Languages
Page last updated at 07:13 GMT, Tuesday, 15 April 2008 08:13 UK

Italy returns Berlusconi to power

Silvio Berlusconi votes in Milan on 11 April 2008
Mr Berlusconi will have to navigate Italy through tough economic reforms

Centre-right leader Silvio Berlusconi has warned of "difficult months ahead" after winning Italy's general election.

Mr Berlusconi, who is due to return to Rome from his home in northern Italy on Tuesday, won control of both the senate and lower house of parliament.

The decisive victory gives him a third term as prime minister.

After being congratulated by defeated rival Walter Veltroni, the media mogul said he would work with the opposition to pass much-needed economic reforms.

The polls were held three years ahead of schedule following the collapse of Romano Prodi's centre-left coalition.

Mr Berlusconi's new government will be Italy's 62nd since World War II.

Pie chart showing seats in chamber of deputies

With virtually all of the votes counted, the interior ministry said Mr Berlusconi's party had taken 47% of the vote, compared with 38% for Mr Veltroni's centre-left, in both the Senate and the lower Chamber of Deputies.

That translates into a 101-seat lead in the Chamber, and a 38-seat advantage in the Senate.

The results have reshaped Italian politics, says the BBC's Jonny Dymond in Rome, slashing the number of parties winning representation in the chamber from 26 to as few as six.

But, our correspondent adds, Mr Berlusconi will still need to do difficult deals with potential partners.

The Northern League, which wants extensive autonomy for Italy's regions, nearly doubled its vote, and without its support Mr Berlusconi would lose his majority.

In a telephone call to Rai TV on Monday night, Mr Berlusconi said his slimmed-down cabinet would have 12 ministers, including four women.

But isn't he a corrupt buffoon, you may ask?
Robin Lustig's blog

He added that he was moved by the faith that so many citizens had placed in him.

"We have difficult months ahead that will require great strength," he said.

Before ringing off, he added: "An affectionate kiss to all Italians."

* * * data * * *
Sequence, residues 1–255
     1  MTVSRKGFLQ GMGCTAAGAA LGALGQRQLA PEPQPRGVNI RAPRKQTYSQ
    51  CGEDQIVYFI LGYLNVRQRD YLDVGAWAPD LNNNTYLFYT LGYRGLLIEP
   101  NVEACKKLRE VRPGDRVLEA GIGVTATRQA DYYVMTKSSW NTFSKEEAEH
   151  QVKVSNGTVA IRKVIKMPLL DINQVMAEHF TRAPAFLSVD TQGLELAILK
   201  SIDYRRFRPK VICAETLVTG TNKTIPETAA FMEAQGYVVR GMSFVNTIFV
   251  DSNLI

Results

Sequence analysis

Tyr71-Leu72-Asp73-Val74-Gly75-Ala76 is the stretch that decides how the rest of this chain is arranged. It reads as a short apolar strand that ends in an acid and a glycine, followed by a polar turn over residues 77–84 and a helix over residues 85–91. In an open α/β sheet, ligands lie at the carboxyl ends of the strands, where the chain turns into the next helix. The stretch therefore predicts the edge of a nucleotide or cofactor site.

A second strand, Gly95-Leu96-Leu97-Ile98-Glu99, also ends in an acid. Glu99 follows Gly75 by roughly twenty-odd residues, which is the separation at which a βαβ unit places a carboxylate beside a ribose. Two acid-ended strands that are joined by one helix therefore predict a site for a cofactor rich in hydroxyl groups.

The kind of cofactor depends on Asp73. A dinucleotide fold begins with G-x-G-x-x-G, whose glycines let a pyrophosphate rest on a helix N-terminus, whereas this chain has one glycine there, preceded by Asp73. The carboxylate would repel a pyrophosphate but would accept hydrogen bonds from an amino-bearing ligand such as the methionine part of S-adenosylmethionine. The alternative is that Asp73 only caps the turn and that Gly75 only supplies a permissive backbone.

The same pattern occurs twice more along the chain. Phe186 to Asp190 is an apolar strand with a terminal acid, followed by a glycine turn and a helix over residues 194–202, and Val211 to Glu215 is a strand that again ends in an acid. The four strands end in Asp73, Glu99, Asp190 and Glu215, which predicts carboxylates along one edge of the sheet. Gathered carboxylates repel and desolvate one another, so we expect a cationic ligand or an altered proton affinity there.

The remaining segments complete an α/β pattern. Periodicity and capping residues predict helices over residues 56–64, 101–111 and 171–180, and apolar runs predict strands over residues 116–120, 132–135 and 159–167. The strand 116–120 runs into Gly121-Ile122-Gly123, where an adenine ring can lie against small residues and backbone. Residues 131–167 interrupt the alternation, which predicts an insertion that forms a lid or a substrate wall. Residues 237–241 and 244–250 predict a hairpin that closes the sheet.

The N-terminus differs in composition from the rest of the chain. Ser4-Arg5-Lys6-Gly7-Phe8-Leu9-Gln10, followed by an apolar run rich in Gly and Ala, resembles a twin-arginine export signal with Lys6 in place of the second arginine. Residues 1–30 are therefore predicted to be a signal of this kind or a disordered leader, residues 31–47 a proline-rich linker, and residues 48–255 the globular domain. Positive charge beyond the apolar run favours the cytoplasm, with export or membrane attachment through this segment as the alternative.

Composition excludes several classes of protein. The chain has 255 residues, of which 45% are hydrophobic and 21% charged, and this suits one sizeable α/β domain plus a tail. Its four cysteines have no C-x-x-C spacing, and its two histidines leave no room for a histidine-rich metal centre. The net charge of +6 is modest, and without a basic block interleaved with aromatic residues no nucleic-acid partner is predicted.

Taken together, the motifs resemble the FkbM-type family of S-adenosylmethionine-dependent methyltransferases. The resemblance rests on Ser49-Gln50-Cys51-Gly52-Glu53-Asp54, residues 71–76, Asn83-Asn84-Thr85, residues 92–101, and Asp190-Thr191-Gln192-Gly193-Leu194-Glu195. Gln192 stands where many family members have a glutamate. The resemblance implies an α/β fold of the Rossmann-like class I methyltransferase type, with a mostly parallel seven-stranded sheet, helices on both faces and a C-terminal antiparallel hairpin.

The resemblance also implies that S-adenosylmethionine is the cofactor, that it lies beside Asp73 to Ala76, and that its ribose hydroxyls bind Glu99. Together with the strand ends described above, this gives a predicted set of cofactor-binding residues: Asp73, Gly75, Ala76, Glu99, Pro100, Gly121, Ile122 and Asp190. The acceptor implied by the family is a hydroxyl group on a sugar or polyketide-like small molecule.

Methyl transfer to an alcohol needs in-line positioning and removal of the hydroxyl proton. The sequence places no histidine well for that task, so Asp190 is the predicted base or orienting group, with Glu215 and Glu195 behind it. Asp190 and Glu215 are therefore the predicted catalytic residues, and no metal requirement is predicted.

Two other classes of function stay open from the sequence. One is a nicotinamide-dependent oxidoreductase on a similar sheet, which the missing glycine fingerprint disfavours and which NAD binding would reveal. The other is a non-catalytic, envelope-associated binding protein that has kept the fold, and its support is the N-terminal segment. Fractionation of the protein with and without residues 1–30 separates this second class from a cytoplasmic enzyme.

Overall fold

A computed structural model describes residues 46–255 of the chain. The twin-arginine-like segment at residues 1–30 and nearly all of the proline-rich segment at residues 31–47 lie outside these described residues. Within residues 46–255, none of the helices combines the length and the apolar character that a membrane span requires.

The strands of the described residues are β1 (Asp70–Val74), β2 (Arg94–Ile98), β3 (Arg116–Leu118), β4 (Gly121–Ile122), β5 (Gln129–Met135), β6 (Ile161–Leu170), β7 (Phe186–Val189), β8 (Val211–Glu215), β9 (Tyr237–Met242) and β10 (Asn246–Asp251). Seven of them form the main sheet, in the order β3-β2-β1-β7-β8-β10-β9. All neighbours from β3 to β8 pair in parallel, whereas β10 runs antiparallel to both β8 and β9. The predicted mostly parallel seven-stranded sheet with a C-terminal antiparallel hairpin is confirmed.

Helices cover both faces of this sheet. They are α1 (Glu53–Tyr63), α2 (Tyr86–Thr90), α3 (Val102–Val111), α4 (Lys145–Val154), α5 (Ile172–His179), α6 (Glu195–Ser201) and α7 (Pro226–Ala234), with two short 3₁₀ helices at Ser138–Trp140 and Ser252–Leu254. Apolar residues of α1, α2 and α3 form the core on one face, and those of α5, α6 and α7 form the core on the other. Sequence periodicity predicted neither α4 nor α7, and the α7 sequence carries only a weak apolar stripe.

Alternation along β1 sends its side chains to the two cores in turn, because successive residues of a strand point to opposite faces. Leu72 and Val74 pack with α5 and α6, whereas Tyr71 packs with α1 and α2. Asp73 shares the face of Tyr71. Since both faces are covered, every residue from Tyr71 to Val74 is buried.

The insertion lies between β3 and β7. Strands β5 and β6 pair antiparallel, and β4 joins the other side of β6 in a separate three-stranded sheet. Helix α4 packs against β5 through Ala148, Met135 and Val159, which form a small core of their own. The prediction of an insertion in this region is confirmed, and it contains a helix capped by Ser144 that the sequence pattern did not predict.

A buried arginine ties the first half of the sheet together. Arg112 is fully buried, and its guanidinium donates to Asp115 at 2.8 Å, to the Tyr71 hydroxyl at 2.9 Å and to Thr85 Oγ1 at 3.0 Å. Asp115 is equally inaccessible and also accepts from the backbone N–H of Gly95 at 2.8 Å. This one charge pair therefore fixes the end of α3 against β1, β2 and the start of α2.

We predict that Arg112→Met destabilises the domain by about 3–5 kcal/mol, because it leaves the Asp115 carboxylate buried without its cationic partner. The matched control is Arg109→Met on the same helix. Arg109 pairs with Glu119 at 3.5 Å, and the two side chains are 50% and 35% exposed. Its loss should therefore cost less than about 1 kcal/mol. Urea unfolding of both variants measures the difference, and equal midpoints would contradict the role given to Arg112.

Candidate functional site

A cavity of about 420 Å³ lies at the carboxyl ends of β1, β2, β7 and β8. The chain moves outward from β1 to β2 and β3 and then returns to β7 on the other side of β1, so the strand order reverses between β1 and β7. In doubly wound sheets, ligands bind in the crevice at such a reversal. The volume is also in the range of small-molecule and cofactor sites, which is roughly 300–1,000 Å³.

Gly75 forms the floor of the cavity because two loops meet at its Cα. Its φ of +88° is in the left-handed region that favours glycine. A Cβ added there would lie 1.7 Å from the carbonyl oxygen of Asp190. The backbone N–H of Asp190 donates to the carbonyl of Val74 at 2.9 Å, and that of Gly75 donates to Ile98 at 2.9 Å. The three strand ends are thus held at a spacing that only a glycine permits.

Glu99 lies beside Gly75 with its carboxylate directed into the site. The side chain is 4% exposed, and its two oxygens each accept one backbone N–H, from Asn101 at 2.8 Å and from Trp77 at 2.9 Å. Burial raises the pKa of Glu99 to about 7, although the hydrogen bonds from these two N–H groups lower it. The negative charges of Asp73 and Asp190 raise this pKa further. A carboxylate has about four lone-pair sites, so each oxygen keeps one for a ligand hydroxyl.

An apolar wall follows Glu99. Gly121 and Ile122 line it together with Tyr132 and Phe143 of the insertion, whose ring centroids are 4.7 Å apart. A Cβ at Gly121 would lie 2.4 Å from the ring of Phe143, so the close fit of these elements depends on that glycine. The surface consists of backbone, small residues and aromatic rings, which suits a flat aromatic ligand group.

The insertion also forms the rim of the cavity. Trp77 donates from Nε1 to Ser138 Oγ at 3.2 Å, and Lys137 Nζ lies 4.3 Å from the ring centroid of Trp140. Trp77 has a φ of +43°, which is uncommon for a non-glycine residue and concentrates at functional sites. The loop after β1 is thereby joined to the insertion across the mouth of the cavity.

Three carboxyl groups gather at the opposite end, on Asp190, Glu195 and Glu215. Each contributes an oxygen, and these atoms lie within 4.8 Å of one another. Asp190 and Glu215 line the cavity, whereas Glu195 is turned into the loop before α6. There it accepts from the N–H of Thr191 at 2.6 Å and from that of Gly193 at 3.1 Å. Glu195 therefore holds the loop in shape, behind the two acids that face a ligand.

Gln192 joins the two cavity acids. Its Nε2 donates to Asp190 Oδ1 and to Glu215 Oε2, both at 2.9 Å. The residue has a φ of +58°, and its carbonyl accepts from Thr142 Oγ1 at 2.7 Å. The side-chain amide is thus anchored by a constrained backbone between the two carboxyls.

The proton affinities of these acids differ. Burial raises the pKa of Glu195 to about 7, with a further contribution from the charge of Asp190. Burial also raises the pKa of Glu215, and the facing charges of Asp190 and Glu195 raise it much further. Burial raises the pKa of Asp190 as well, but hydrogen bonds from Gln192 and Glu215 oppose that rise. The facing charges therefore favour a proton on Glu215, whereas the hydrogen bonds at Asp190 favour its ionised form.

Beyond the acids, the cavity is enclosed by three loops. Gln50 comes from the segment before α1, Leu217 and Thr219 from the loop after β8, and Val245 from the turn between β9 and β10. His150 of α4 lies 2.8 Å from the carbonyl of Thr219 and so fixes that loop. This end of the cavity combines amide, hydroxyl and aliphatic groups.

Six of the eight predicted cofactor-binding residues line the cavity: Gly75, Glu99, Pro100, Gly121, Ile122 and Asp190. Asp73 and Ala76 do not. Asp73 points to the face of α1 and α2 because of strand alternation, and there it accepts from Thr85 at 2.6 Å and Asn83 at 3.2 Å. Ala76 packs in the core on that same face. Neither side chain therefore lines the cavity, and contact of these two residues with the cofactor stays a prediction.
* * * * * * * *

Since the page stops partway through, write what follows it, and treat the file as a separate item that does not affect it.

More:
Massive debt

Mr Berlusconi said his immediate priorities would be settling the future of the loss-making national airline Alitalia and the crisis caused by uncollected mountains of rubbish in Naples.

pie chart showing senate

His government also faces the task of reviving Italy's ailing economy, with zero growth forecast for the coming year.

Although Italy is saddled with a massive public debt, he has promised tax cuts and handouts to voters.

Italy's economy has been suffering from low productivity and a strong euro, and analysts say young people, pensioners and low-income workers are feeling the pressure.

Some 158 different parties contested the regional and national polls, including Mr Berlusconi's new conservative People of Freedom (PDL) and Mr Veltroni's recently formed Democratic Party (PD).

At 80%, the final turnout appears to have been lower than in the last election two years ago.

Mr Berlusconi has served two previous terms as prime minister, last resigning in May 2006 after losing a bitterly contested election.

One of Italy's richest men, he is the head of a business empire that spans media, advertising, insurance, food and construction, and includes the top flight football club AC Milan.


video and audio news
Silvio Berlusconi's controversial background



SEE ALSO
In pictures: Italian elections
15 Apr 08 |  In Pictures
Profile: Silvio Berlusconi
15 Apr 08 |  Europe
Profile: Walter Veltroni
10 Apr 08 |  Europe
Sicilians grow defiant of Mafia
11 Apr 08 |  Europe
Country profile: Italy
06 Feb 08 |  Country profiles

RELATED INTERNET LINKS
The BBC is not responsible for the content of external internet sites



FEATURES, VIEWS, ANALYSIS
Has China's housing bubble burst?
How the world's oldest clove tree defied an empire
Why Royal Ballet principal Sergei Polunin quit

BBC navigation

BBC © 2013 The BBC is not responsible for the content of external sites. Read more.

This page is best viewed in an up-to-date web browser with style sheets (CSS) enabled. While you will be able to view the content of this page in your current browser, you will not be able to get the full visual experience. Please consider upgrading your browser software or enabling style sheets (CSS) if you are able to do so.

Americas Africa Europe Middle East South Asia Asia Pacific